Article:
Last Thursday on the new episode of Project Runway, we got something that all fans of the show are well used to: a challenge where they pretend that the hair or the makeup totally matters so that they can have the Garnier or L’Oreal people on to shill for a minute or two, and then they completely ignore the hair or makeup unless it’s an epic fail.
Yves Saint Laurent Lucky Chyc Colorblock Tote, $1350 via Net-a-Porter
By now, we all know what spring’s big trend are: Colorblocking, mixed brights, pink and orange, brights contrasted with neutrals. We’ve all been saying this since the collections made their fashion week debuts six months ago, and those looks have made their way to retail with a vengeance.
Just when I was beginning to wonder if Coach president Reed Krakoff could continue to replicate the smashing success that he’s had in the very short life of his eponymous label, Reed Krakoff Resort 2012 comes around to prove it to me.
Loewe Flamenco Bag, $1726 via Matches in green and orange
If you’ve never seen a Loewe (pronounced Low-AY-vay) bag in person and they brand is available in your area, I’d encourage you to seek them out for a test drive around the department store or boutique of your choice.
Reed Krakoff Kit Bag, $1390. Reed Krakoff RDK Hobo, $1290. Reed Krakoff Boxer Tote, $990. All via Saks.
Sometimes I feel the need to reiterate this point when I sit down to write yet another post about a brand that I love: Reed Krakoff has never given me a free bag, a discount on a bag or any kind of perk whatsoever in exchange for a post.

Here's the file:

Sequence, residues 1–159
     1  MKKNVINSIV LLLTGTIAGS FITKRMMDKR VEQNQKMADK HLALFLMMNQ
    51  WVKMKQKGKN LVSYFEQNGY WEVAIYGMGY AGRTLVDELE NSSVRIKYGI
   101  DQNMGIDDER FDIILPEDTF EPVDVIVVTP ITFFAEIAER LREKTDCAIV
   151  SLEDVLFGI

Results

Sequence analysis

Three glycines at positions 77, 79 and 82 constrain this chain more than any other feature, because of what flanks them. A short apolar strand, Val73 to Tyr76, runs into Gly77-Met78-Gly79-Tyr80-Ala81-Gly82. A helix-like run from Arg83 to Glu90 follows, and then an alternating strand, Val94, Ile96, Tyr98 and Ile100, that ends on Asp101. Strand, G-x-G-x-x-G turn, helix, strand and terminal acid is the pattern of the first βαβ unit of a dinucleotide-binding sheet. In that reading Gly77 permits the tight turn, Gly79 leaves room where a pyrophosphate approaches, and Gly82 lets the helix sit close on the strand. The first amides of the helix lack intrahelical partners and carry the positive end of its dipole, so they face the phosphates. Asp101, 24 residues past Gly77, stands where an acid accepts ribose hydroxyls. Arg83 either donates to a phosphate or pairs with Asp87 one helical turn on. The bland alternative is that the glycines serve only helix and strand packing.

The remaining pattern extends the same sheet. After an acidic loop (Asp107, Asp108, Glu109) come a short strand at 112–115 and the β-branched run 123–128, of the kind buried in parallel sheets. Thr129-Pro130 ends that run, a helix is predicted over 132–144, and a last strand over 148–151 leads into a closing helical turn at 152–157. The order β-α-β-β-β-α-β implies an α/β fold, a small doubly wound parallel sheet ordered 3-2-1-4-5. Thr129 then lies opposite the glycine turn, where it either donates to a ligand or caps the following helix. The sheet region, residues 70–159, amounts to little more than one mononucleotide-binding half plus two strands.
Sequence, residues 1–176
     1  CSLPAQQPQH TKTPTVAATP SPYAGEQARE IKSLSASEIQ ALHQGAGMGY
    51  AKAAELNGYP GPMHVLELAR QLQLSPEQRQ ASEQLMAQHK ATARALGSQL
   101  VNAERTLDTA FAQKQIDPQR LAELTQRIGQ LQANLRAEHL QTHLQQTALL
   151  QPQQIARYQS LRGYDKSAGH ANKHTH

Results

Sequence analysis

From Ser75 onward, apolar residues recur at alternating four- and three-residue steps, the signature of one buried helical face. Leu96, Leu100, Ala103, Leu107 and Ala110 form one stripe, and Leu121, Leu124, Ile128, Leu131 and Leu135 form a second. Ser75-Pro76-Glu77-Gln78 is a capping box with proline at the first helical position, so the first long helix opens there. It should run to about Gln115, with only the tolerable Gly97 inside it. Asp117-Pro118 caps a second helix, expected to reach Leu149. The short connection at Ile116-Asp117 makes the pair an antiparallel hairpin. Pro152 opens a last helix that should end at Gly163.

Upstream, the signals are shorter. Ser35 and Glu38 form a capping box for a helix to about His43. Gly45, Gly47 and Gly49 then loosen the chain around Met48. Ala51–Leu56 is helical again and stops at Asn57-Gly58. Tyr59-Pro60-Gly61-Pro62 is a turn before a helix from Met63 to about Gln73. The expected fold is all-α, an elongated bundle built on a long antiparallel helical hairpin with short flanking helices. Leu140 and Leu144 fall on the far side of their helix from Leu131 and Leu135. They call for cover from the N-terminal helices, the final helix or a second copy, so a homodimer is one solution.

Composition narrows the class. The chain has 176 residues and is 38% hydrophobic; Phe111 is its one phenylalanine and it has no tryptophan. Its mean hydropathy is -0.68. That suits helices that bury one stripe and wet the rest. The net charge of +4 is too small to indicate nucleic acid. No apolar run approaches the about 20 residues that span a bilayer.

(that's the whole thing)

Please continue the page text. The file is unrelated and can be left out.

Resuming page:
Marc Jacobs Snake Clutch, $1095 via NAP
Without looking at the name of this clutch or a close-up image, you might miss that a snake design is separating the raspberry suede and orange leather colorblocking. What makes the snake design stand out even more is the fact that it has a face and is created with actual python, which keeps the design legit while also making me feel a wee bit slimy.
At PurseBlog, we understand that spring’s trend toward bright colorblocking can be intimidating, particularly when you decide to do it in a minimal way a la Jil Sander Spring 2011. In those kinds of ensembles, there’s nothing to hide behind – it’s just you and your colorful pants, out there for the world to see.
You may or may not have liked Fendi’s Spring 2011 handbag collection, but you can’t argue that it was what fashion industry people call “directional.” Instead of merely designing safe, pretty accessories, Fendi’s handbags gave us a new way to think about combining color, structure and texture.
The luxury accessories market is crowded with seasoned competitors all vying for consumer attention (and consumer dollars), which can often make it well nigh impossible for a new handbag line to turn heads, particularly the heads of people whose job it is to look at handbags all day.
The more I look through the handbags from Chloe Fall 2011, the more I wonder who the Chloe girl is. I also wonder if Chloe’s accessories designers know the answer to that question, or if they’ve chosen instead to hope that they can make everyone feel like a Chloe girl by creating a collection that eschews a unifying aesthetic in favor of encompassing a group of ideas that are seemingly not related.